Having come to enjoy Trevor Noah and his commentary on The Daily Show, thanks to Born a Crime I now have a much greater appreciation for his opinions and viewpoint. His experiences in post-Apartheid South Africa as a mixed-race child make him uniquely situated to understand multiple sides of a racial argument. In addition, his story provides an excellent background for understanding the nuances of race and skin color and the internal decision-making any person of color must make when entering a room filled with white people.

By all accounts, Mr. Noah had multiple brushes with death and faced a childhood that the system had rigged to fail him. Mr. Noah recognizes all this and acknowledges that his success is due mostly to the formidable woman that is his mother. Each of his stories shows the remarkable independence his mother had and taught her sons. More importantly, each shows the lengths to which his mother was willing to go to make sure he had a chance to beat the rigged system that was South Africa. Her methods might appear harsh to white readers, but I suspect any Black person reading it will recognize the desperation his mother had to teach her son the harsh realities of the world before he discovered them for himself.

Whether it is a coping mechanism or an aspect of his comedian background, in Born a Crime, Mr. Noah finds ways to make the most shocking stories palatable, almost funny. He does this while maintaining the reverence such serious history deserves. In a way, it is as if he is marveling at the fact that he faced so many things without knowing how remarkable they truly are as much as his audience is. At the same time, underlying the comedy is a poignancy and gratitude for having escaped, which makes sense the more you learn.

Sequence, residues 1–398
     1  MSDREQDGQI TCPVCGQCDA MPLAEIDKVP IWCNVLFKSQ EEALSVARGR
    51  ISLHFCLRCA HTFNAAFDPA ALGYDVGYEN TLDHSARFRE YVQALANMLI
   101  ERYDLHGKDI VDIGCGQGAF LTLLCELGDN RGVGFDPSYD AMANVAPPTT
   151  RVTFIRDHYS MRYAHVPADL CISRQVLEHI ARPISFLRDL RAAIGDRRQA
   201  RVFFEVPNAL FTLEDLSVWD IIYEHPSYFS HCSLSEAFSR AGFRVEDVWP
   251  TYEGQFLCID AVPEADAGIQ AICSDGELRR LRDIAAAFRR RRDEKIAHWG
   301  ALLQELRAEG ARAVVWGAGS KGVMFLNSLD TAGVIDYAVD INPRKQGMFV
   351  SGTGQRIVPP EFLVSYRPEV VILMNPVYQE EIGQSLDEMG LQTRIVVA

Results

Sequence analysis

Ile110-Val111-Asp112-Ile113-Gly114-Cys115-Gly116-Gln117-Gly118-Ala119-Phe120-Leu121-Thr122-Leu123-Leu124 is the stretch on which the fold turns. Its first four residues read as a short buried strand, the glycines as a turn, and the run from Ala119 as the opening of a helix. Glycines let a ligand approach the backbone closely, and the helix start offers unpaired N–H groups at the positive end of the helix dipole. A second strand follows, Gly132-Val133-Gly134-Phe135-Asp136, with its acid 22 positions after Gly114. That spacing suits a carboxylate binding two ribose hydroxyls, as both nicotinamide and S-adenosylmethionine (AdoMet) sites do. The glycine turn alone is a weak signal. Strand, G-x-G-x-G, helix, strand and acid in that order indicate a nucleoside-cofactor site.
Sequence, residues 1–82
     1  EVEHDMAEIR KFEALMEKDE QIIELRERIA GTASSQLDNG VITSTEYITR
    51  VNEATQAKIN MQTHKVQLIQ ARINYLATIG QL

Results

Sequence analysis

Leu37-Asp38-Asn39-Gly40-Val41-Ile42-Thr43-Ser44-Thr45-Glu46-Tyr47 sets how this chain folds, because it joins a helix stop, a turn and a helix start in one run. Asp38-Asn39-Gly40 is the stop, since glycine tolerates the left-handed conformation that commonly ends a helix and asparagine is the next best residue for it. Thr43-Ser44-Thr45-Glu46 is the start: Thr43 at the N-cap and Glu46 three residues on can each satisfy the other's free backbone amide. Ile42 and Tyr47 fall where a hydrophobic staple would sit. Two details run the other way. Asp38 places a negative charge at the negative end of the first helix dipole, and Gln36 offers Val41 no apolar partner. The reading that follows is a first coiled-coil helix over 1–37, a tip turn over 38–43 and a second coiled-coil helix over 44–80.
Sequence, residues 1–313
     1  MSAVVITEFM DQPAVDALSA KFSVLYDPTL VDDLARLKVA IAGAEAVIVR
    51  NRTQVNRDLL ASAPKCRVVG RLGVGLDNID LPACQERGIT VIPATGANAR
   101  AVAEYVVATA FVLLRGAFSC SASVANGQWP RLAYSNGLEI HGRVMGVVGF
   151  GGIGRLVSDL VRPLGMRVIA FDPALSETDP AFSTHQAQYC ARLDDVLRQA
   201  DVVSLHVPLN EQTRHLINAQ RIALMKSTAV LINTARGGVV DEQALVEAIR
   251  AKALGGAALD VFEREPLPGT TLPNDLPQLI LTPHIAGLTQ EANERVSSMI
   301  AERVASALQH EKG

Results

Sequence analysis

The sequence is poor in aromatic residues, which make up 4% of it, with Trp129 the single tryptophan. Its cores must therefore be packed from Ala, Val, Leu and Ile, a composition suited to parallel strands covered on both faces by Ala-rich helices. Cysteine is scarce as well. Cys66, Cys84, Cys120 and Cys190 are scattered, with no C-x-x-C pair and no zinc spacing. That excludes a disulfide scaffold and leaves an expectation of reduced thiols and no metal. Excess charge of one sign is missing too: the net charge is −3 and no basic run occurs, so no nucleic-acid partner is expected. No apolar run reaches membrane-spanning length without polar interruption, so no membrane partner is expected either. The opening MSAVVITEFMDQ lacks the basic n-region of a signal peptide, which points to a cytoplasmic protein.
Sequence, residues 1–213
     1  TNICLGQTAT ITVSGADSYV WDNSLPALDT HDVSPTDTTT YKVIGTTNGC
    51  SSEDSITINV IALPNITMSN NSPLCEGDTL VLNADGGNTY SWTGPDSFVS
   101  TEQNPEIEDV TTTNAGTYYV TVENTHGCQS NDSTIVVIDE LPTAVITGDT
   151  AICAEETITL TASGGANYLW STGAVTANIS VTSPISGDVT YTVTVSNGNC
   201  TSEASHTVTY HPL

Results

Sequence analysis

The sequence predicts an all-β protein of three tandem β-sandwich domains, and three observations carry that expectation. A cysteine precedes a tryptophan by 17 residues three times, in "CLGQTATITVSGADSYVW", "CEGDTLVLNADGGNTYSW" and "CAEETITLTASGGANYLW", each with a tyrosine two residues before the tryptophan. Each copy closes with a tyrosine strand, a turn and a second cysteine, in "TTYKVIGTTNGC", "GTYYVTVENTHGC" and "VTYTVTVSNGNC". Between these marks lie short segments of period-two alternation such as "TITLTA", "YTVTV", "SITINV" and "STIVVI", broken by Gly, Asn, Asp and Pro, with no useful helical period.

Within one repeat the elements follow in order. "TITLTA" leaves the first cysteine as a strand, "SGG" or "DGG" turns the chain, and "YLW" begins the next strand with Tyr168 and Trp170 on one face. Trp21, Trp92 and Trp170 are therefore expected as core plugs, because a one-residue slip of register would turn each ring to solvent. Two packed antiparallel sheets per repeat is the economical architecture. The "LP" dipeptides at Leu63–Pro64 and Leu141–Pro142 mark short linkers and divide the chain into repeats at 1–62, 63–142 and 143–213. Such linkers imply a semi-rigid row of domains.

Being eight years older than Mr. Noah, I too grew up both during and after Apartheid, except, as I quickly learned from the book, I had no idea what Apartheid really was. I only knew it was bad and racist. Plus, I had a faint idea that it involved white people holding all the power. What I did not know was that it was slavery in a modern-day format. Nor did I have a clue just how far the Apartheid government went to subjugate its Black inhabitants. Before going into any of his own stories, Mr. Noah is careful to enlighten his readers with the necessary understanding of the racial, political, tribal, socio-economic, geographical, historical, and other cultural factors that make his stories so remarkable. Thus, not only do you learn about his life, you learn quite a bit about South Africa in the 1990s and 2000s.

Mr. Noah’s narration is beyond excellent. I particularly delighted in hearing him speak the many African languages he knows. Plus, as with any autobiography, hearing the author’s story from his own lips imbues it with an intimacy that other narrators cannot bring to his words. Even if this is one you already read, I highly recommend listening to the audiobook for the pronunciations and inflections that only Mr. Noah can add.